Chinese property developers face rising complaints as rush to build hits safety and quality

Mainland China’s property developers are facing a rising tide of complaints about safety and quality as they rush to build and sell as many properties as possible to cope with declining income in the face of government measures to cool the market.

With caps placed on the prices they can sell at, as well as increasing difficulty in getting funding because of government concerns over rising debt, developers have adopted a “build fast and sell fast” approach that has led to construction site deaths and protests by buyers over poor workmanship.

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“Under the current tougher environment, some developers are turning in sloppy work by blindly pursuing speed and squeezing the construction period,” said E-house China R&D Institute director Yan Yuejin.

China’s property market has been booming for years, with the constantly rising prices proving a boon to developers. But with homes in many cities now unaffordable for most people and debt levels at developers surging, alarm bells have been ringing and both the national and local governments have imposed a series of measures to try and bring prices down.

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In addition, developers are finding it harder to get funding as banks balk at the risk, while those who borrowed overseas are finding their cost of repayments surging as the Chinese yuan currency weakens. Shen Jianguang, chief economist at JD Finance, said that funding has become so tight that any developer ranked outside the top 10 would face higher interest payments, while any outside the top 30 would be lucky to get funds at all.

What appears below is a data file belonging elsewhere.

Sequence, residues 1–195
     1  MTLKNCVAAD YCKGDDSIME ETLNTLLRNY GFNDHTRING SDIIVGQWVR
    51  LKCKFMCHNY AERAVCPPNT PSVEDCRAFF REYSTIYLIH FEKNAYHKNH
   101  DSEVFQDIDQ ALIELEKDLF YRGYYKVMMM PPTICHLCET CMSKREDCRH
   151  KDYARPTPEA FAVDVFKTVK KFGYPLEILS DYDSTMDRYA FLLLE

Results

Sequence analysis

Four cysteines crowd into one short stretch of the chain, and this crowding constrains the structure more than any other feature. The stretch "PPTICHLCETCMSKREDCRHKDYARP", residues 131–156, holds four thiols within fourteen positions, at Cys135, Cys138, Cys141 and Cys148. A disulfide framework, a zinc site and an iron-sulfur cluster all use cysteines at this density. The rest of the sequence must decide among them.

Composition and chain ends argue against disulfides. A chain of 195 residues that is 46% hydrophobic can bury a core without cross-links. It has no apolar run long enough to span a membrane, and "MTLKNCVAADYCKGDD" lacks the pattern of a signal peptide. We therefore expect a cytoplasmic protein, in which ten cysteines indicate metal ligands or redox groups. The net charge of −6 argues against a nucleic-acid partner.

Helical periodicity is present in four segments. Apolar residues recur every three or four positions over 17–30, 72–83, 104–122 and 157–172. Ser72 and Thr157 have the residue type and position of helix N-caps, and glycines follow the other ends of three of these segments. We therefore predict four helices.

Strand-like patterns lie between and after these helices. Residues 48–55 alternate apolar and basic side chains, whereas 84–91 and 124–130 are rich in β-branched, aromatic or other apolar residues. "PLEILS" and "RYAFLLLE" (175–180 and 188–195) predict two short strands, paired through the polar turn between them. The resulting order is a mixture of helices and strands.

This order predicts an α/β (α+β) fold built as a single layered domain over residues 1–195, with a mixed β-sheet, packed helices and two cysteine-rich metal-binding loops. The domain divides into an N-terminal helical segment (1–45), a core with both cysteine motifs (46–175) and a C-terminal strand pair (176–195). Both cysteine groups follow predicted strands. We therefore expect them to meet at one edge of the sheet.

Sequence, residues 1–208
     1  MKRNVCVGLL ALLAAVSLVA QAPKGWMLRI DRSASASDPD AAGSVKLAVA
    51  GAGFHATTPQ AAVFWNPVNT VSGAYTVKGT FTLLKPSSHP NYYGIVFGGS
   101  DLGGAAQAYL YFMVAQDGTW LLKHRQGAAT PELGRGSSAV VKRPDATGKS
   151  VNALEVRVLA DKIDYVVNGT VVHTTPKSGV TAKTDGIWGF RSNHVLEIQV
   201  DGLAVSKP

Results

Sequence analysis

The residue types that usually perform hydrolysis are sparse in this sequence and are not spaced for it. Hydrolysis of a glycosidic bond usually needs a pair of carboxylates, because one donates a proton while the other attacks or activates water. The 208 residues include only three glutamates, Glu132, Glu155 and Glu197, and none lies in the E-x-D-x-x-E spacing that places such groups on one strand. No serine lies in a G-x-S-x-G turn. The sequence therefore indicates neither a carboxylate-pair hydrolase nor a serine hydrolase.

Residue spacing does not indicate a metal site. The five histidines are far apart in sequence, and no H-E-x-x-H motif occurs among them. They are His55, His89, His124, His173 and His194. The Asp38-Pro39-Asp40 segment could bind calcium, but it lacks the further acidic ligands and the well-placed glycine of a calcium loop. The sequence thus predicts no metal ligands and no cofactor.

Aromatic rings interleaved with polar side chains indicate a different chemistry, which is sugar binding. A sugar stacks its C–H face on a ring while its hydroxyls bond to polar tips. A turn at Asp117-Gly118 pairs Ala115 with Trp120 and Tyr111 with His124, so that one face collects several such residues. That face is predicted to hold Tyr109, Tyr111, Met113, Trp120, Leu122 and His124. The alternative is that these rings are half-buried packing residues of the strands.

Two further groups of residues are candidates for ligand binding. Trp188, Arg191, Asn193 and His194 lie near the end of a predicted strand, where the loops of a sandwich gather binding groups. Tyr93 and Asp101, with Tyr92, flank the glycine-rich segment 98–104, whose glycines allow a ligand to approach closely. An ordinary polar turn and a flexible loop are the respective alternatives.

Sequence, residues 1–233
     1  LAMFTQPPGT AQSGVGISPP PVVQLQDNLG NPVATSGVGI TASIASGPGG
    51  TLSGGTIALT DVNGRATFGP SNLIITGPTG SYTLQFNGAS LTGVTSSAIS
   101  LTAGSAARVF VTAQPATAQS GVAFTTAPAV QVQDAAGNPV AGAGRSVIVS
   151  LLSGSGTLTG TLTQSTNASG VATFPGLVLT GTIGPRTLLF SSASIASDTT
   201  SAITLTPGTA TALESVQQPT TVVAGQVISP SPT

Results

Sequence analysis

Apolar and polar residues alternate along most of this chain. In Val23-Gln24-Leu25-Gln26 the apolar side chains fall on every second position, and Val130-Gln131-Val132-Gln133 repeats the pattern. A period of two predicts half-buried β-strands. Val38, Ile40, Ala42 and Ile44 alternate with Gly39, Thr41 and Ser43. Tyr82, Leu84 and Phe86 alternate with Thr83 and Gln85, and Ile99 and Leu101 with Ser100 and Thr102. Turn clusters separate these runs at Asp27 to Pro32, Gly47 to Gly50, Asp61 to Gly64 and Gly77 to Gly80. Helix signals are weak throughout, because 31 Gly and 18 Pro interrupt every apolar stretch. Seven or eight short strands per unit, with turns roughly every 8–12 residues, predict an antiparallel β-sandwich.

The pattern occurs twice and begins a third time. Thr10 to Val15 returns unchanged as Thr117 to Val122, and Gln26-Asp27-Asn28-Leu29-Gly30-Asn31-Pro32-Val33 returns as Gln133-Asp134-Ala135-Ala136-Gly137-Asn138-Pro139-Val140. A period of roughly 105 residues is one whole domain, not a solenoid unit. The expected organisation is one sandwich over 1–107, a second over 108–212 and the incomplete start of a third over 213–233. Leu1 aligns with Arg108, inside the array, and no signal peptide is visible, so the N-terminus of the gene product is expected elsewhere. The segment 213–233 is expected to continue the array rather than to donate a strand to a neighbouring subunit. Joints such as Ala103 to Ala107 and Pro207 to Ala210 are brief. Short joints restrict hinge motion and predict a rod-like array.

All this has hit the cash flows of developers, many of whom have responded by speeding up construction to try and get as much income from sales as possible in a short time.

There has been a cost, however. Six workers died after an entire construction site run by Country Garden Holdings in eastern Anhui province collapsed in heavy rain and high winds last week. Another person died at another company site in Shanghai in June and on July 12, a massive sinkhole opened up at one of its sites in Hangzhou.

Country Garden has admitted responsibility for the deaths and accidents, saying in a statement last Friday that it “bore unshrinkable responsibility for the inadequate supervision and management.”

Elsewhere, buyers of properties have publicly complained of poor quality. At the end of July, some 100 buyers from about 50 different residential projects in the southwestern city of Chengdu marched in front of the local housing authority, protesting about high costs and poor workmanship in the decoration of their homes.

Developers involved included Longfor Properties, Vanke Property, Sunac China, Poly Property and China Aoyuan Property Group.

A month before, buyers had hung banners in front of some sales offices of Longfor in Beijing and Tianjin, complaining that there were serious problems with their new houses, including stairs collapsing, wall cladding peeling off and the ground sinking.

Even some developers recognise the issue.

“The quality of houses in China these days is the worst,” said Li Jun, executive director of Hong Kong-listed Greentown China Holdings, speaking at the recent Boao Real Estate Forum in the southern island of Hainan.

“We will see a huge wave of complaints among buyers in the coming two years,” he said. “It is not one developer’s problem. Every developer will face these negative issues. The environment in our industry is getting tougher.”

Nevertheless, developers are unlikely to drop the build-fast model.

“For now, it is still the most efficient way for developers to make a profit,” said Alan Jin, a property analyst with Mizuho Securities Asia. “Many of them are holding large banks of land from shopping sprees in previous years, so it does not make sense for them to slow down as that would mean they would get their money back late.”


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